Plenty of adventure awaits beyond the beach for active travelers. The most popular destination is the 27 Falls of Damajagua, a natural formation of 27 waterfalls about 45 minutes west of Cabarete. After donning life jackets and helmets, visitors hike up a mountain to the seventh, 12th or 27th fall and hop, slide and jump all the way down.
Another excursion leads to El Choco National Park (formally known as the Protected Area of Cabarete and Goleta), a 48-square-mile tropical jungle popular for its network of subterranean caves. It's only a short drive from town.
Another eerie underworld lurks on the outskirts of Cabarete at the Cabarete Caves, which contain crystal-clear pools among eons-old stalagmites and stalactites. Visitors receive helmets at the ranger station and can set off to explore caves and even swim in 73-degree springs. Horseback tours in the 30-square-mile protected area are available, too.
Where to Stay
Lodging options in Cabarete and environs range from budget-friendly boarding houses and surf lodges to mid-range hotels to high-end luxury. Here are some options:
Cabarete Palm Beach Condos (cabaretecondos.com): A quiet, waterfront oasis in the heart of town, Palm Beach has 20 spacious, two-bedroom condos smartly decorated with a Caribbean vibe. Each has a full kitchen and roomy, private balcony with ocean view. The lush gardens, dotted with over 100 palm trees, feature a swimming pool and walkway to the beach. $95-$242.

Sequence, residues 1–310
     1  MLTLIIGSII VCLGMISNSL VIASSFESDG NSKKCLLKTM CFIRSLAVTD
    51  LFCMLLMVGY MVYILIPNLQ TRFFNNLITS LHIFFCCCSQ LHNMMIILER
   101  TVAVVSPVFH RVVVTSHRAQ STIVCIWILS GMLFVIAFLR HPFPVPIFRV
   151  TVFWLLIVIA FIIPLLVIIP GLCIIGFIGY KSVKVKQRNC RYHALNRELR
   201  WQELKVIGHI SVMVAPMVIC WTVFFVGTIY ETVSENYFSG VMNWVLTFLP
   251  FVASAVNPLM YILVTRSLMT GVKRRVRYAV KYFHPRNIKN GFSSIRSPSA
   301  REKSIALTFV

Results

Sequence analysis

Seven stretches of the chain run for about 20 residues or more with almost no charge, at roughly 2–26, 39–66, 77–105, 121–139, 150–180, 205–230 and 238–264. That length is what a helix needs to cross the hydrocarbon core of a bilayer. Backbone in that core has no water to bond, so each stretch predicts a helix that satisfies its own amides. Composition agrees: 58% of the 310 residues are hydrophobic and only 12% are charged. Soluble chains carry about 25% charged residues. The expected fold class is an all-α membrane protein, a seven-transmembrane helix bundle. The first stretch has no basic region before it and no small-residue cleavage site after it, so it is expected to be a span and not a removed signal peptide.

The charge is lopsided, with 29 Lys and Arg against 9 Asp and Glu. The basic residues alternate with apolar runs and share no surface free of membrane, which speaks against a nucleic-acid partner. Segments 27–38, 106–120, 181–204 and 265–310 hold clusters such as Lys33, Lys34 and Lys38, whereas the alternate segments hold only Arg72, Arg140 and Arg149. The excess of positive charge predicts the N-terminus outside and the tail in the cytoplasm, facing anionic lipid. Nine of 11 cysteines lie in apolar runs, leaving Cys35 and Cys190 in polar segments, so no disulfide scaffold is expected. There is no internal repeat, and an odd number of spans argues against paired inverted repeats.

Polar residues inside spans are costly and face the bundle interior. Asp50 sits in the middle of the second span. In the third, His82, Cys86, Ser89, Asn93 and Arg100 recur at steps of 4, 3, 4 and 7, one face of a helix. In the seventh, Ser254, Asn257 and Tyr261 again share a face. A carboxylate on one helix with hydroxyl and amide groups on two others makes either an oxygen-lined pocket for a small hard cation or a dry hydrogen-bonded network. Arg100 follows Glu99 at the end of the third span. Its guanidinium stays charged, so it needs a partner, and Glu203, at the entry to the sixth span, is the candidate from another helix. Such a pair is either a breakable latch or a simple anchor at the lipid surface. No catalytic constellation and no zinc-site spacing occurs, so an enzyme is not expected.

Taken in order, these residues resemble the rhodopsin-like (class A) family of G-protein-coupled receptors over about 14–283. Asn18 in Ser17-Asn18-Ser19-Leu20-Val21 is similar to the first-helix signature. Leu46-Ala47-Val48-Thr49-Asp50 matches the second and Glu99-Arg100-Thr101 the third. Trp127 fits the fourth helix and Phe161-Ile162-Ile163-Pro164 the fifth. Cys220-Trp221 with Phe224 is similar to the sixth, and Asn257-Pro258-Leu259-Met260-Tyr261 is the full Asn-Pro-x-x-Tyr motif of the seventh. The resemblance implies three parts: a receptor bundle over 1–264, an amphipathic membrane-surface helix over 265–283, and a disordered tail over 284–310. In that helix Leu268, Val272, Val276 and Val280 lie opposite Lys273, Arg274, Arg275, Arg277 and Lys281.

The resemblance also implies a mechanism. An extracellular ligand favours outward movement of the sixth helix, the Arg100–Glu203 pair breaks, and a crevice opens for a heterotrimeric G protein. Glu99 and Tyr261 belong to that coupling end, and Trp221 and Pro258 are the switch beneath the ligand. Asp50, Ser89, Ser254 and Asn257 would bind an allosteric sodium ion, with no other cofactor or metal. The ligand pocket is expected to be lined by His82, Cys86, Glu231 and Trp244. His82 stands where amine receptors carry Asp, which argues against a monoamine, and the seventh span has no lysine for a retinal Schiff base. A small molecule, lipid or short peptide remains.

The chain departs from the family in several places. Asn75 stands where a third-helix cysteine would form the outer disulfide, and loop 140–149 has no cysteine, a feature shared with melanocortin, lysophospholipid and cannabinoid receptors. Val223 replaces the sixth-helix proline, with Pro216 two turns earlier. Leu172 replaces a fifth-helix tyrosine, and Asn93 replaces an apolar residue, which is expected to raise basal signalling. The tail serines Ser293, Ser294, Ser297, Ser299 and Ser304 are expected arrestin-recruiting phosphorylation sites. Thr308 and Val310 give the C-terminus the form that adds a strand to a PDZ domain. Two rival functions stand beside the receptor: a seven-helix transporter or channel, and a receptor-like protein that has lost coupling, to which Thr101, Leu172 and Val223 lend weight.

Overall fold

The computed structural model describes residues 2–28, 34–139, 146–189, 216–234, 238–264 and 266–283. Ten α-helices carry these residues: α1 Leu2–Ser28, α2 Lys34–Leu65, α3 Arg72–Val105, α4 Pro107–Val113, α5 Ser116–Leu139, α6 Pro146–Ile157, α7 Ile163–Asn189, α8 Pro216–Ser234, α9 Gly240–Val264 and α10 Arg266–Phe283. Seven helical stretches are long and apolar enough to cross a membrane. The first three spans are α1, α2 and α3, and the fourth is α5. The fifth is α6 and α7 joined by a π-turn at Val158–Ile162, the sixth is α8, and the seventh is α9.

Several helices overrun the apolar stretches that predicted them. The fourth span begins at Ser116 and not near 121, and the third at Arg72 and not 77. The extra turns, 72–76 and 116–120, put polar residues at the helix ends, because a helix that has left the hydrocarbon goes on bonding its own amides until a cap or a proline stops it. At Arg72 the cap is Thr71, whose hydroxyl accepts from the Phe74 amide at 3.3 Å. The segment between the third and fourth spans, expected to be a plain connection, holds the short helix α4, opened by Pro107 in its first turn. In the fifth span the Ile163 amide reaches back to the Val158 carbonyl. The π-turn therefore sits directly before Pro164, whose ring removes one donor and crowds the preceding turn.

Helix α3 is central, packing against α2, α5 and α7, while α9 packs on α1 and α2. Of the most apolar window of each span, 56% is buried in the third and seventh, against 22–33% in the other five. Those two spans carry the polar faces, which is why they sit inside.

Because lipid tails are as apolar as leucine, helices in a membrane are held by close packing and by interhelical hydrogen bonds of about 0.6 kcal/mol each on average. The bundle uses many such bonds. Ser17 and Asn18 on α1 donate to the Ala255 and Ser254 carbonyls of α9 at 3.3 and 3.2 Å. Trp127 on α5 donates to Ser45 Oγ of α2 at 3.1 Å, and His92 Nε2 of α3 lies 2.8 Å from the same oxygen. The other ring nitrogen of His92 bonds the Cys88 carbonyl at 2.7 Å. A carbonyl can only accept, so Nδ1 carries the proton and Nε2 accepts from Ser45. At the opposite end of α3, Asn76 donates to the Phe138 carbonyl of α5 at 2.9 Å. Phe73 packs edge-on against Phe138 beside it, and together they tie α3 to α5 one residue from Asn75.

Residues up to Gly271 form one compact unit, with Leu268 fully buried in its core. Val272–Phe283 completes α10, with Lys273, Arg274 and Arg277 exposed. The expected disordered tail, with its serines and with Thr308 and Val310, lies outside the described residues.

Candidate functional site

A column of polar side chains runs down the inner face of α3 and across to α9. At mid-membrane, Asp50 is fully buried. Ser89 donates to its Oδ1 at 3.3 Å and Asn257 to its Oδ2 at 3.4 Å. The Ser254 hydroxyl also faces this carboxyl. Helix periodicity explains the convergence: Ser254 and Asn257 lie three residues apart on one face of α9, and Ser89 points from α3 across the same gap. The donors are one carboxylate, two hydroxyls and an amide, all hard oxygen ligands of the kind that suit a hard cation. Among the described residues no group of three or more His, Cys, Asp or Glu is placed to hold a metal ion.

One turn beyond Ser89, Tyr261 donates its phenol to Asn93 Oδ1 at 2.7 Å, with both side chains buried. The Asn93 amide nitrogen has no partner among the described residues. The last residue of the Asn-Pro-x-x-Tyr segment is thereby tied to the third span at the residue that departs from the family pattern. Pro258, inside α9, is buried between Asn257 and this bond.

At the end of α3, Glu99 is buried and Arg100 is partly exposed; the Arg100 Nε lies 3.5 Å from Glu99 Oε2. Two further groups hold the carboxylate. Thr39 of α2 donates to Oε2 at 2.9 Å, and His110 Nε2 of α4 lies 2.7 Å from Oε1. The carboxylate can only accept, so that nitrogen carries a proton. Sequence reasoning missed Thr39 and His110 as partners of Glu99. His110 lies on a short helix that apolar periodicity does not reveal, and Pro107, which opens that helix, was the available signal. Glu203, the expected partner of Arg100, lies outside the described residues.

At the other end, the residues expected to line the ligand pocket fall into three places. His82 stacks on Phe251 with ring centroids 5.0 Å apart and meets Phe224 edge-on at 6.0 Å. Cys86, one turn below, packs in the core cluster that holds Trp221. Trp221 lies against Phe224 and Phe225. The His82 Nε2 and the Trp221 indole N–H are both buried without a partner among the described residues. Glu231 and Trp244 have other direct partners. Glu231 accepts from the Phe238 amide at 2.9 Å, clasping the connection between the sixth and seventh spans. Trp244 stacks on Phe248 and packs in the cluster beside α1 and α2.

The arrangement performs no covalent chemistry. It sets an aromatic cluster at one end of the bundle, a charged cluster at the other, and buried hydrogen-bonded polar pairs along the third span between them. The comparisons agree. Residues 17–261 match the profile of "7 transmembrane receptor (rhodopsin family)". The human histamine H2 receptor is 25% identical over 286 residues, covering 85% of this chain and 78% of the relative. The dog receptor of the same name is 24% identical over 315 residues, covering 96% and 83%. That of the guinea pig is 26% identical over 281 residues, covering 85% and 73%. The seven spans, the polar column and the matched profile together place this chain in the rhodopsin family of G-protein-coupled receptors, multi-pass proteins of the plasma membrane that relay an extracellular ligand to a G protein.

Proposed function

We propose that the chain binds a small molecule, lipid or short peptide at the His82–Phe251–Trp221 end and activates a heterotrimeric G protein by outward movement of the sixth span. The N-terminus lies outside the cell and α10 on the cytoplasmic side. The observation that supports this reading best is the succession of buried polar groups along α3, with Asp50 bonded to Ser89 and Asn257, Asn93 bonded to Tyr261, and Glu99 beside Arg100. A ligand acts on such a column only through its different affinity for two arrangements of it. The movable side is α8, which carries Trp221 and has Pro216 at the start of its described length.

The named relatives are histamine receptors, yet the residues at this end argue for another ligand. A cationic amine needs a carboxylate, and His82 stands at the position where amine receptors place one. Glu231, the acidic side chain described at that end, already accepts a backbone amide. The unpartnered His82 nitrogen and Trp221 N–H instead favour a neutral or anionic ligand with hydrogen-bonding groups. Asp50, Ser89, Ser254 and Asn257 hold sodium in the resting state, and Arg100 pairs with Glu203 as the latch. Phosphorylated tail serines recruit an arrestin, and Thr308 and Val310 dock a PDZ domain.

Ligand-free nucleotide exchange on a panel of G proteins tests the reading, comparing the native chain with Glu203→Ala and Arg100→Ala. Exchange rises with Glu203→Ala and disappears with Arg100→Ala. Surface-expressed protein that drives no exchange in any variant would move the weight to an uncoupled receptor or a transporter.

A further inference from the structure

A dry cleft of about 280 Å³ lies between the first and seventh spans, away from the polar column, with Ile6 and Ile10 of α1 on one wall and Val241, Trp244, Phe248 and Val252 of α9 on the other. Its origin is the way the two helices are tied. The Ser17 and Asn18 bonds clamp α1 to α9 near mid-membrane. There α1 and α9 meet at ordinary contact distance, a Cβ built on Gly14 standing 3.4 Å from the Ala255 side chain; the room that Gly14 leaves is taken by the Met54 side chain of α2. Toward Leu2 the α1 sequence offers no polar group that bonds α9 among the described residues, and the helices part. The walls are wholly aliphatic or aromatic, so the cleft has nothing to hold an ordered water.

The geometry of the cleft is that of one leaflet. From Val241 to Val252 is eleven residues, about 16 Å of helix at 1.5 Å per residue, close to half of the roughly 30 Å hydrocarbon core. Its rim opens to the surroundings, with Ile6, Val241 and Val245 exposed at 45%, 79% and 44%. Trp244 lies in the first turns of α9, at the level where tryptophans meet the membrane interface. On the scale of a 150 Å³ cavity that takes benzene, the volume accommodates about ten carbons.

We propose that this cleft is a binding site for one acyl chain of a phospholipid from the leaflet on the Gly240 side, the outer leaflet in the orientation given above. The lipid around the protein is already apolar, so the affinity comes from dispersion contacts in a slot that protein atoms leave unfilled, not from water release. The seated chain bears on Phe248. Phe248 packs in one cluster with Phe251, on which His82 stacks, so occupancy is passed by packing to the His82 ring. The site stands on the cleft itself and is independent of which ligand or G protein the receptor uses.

Natura Cabana (naturacabana.com): An upscale eco-lodge three miles west of Cabarete, this oceanfront hideaway exudes tranquility. Rustic yet chic, its 10 bungalows are roomy and clean with spacious terraces. Two open-air restaurants use locally sourced ingredients. $130 (one adult), $180 (two adults). Includes welcome drink, breakfast.
Velero Beach Resort (velerobeach.com): A condo-hotel, Velero has 22 rooms and seven penthouses, all with ocean views. Clean and secure, units are spacious, tastefully decorated and have full kitchens and private balconies. A quaint onsite bar and restaurant overlook the ocean. Nearly two acres of manicured grounds lead to an inviting beachfront swimming pool. $135-$300.
Where to Eat
Dining options in Cabarete can satisfy a hungry kitesurfer after an exhausting outing and surprise an experienced traveler with uniquely Caribbean fine dining. Check these out:
Aqua: Just steps from the ocean at the Millennium Resort & Spa, Aqua has something for everyone, with seafood, meats, pasta and sandwiches served in a stylish, poolside setting. The tuna tartare appetizer is deliciously layered with mango and avocado. Good luck choosing from indulgent main courses such as lobster, Atlantic red crab or a juicy, imported steak. $8-$28.
Otra Cosa: Enjoy gourmet, French-Caribbean cuisine at this breezy, oceanfront gem. Ginger and lime seasonings make for a zesty lobster carpaccio appetizer. Tempting main dishes include seared tuna bathed in provencale sauce, sprinkled with fennel seeds and served with a dollop of broccoli puree and another of carrot. $8-$31.
Yalla: A pleasing, recent addition to the Cabarete dining scene, Yalla serves 20 tapas and several sandwiches and offers an extensive wine list. Try the thinly sliced beet carpaccio, green bean bundle wrapped in bacon and beer-batter cauliflower. Save room for dessert: churros with chocolate sauce and the sweet dairy confection dulce de leche. $4-$10.